Maelgwyn Mineral Services (MMS), a Wales, U.K.-based mineral-processing technology company, recently highlighted successful applications of its Aachen Shear Reactors — a concept described by the company as an efficient mass transfer device developed and refined over many years of experience with its Imhoflot flotation technology.
In general, typical benefits gained through uses of the reactor in gold plants include enhanced kinetics, reduced cyanide and lime consumption, increases in gold recovery and downstream benefits for carbon plants due to steeper leach profile, said the company. The Aachen units can be manufactured in a range of sizes to suit site-specific flow-rate requirements up to a maximum flow of 800 m3/hour for a single reactor; and enable efficient oxygen dispersion under high shear (velocities of up to 10 m/s within the unit) and pressure (3 to 6 bar) generated by the feed pump. MMS said the shear exposure reduces boundary layer resistances that influence most solid/liquid reaction rates. This can enhance the reaction kinetics and enable process options not feasible otherwise, according to the company.
For the direct cyanidation of gold ores, the Aachen reactors are used in two different ways:
• Mild pre-oxygenation to reduce cyanide consumption through oxidation of cyanide consuming species combined with efficient oxygen utilization.
• Aachen assisted leaching (AAL). The Aachen reactor, according to MMS, is finding increasing applications with-in gold and silver leach circuits to accelerate leach kinetics, reduce cyanide consumption and reduce surface passivation.
MMS noted that currently there are more than 60 Aachen reactors installed across various operations for a combination of pre-oxidation and Aachen assisted leaching. Aachen reactors were recently installed at Pan African Resources’ Elikhulu tailings retreatment plant, which operates a conventional carbon-in-leach circuit including the proprietary Aachen pre-oxidation process.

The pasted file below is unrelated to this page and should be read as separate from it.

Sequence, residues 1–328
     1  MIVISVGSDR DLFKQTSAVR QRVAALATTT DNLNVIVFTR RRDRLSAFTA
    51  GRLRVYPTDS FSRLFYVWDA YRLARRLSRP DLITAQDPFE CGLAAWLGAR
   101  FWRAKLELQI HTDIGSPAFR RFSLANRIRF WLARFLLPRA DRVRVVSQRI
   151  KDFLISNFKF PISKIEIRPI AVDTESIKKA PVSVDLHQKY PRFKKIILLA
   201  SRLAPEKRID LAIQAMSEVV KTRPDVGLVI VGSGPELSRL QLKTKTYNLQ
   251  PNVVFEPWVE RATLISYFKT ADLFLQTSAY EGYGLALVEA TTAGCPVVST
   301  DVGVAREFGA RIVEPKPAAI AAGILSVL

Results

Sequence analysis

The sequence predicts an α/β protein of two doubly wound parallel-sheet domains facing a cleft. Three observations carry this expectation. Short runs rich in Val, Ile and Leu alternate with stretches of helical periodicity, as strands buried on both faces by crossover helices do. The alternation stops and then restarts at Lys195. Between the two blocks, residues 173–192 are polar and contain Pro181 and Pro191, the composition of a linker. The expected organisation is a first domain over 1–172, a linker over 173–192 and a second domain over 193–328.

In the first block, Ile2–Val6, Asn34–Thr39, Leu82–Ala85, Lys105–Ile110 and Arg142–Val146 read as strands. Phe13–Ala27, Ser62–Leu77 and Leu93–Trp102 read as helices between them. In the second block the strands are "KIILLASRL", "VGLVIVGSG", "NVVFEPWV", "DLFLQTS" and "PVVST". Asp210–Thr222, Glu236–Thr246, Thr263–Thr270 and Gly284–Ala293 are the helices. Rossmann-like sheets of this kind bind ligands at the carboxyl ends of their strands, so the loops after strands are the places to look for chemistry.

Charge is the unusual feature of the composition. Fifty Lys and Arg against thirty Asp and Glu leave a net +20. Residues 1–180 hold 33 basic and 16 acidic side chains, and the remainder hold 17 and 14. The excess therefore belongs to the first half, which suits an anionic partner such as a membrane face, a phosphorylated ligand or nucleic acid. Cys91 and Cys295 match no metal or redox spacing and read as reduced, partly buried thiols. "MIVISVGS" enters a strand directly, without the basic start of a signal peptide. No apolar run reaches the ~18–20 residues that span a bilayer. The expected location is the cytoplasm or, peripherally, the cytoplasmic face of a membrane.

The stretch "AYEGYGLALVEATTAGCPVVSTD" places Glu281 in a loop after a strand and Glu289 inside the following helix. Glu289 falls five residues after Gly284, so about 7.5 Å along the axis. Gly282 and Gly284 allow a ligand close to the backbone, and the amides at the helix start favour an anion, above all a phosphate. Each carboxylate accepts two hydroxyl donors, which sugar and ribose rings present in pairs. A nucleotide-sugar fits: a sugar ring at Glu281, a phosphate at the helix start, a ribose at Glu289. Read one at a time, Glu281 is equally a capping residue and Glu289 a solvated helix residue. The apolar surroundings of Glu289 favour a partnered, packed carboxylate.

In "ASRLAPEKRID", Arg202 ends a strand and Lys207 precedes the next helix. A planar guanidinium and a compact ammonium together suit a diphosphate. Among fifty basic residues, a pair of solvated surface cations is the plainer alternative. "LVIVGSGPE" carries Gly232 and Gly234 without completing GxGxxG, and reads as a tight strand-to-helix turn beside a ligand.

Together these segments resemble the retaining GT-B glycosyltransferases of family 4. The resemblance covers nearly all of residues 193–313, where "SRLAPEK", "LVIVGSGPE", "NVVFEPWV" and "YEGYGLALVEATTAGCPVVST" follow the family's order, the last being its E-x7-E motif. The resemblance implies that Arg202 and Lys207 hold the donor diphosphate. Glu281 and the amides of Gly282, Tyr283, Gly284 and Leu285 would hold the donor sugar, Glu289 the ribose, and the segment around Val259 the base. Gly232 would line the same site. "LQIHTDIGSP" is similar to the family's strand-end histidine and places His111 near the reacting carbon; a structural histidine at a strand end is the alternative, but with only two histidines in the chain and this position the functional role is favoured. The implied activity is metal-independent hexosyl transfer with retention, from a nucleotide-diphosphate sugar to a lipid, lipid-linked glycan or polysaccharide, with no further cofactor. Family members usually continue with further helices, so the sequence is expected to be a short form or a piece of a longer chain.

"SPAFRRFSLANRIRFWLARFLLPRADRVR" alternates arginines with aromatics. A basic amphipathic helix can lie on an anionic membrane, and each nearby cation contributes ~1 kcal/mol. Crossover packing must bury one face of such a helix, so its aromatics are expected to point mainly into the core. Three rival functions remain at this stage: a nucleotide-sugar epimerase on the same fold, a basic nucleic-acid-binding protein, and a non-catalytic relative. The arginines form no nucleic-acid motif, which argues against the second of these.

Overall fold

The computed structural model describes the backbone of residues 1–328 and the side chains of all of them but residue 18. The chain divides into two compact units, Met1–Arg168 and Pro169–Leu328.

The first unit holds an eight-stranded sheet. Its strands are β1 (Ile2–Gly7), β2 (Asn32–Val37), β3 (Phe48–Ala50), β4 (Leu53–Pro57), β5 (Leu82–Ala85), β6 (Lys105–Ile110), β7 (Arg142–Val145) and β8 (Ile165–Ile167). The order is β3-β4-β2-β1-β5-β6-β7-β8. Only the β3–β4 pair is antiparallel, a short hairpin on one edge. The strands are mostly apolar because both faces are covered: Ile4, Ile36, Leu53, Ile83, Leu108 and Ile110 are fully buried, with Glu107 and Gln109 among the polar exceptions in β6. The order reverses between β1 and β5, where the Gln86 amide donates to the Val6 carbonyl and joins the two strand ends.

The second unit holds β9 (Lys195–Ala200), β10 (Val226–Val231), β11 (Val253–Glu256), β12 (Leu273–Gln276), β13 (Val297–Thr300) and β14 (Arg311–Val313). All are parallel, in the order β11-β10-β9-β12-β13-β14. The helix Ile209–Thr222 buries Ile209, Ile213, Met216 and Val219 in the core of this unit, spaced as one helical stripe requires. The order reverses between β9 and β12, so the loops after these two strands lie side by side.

MMS further noted that it holds a European patent for its Leachox process for treatment of refractory gold ores, and current installed Leachox capacity accounts for recovery of more than 3 million ounces per year (oz/y) of gold contained in sulphides at operations such as the Kibali mine in the Democratic Republic of the Congo, the Tongon mine in Cote d’lvoire, the TGME mine in South Africa, and the Vasilkovskoye mine in Kazakhstan.
Leachox is a partial sulphide oxidation process for the recovery of gold and silver from sulphide minerals. Depending upon the mineralogy, a number of processes are used, but central to the Leachox process is the Aachen Shear Reactor, which enhances the kinetics and reduces reagent consumption (oxygen, cyanide and lime) that otherwise can be prohibitive. The reactor is designed to introduce a high degree of shear, which removes passivating films that may lead to loss of recovery.
Telson Mining, a Canada-based mining company with two Mexican gold, silver and base metal mining projects, contacted MMS recently to explore possibilities for maximizing returns from its Campo Morado production, which currently produces zinc and lead concentrates with gold, silver and copper as byproducts. MMS had previously conducted preliminary testing of samples from Campo Morado in 2013 for Nystar, the project’s former owner.
According to Telson, tests have indicated that substantial increases in precious metal recoveries are possible at Campo Morado using the Leachox Process.
“The Leachox precious metal recovery testing conducted by Maelgwyn demonstrates that significant increases up to 65% gold and 81% silver are possible at Campo Morado,” stated Antonio Berlanga, Telson’s CEO. “Should additional planned Leachox testing of optimization work to confirm recoveries, ultimate best grind size and reagent additions show a path forward to a commercial installation of this technology, we could improve recoveries from current levels of gold at 15%-20% and silver 30%-40%, which would significantly increase the mine’s profitability by increasing the ounces of gold and silver produced at Campo Morado.”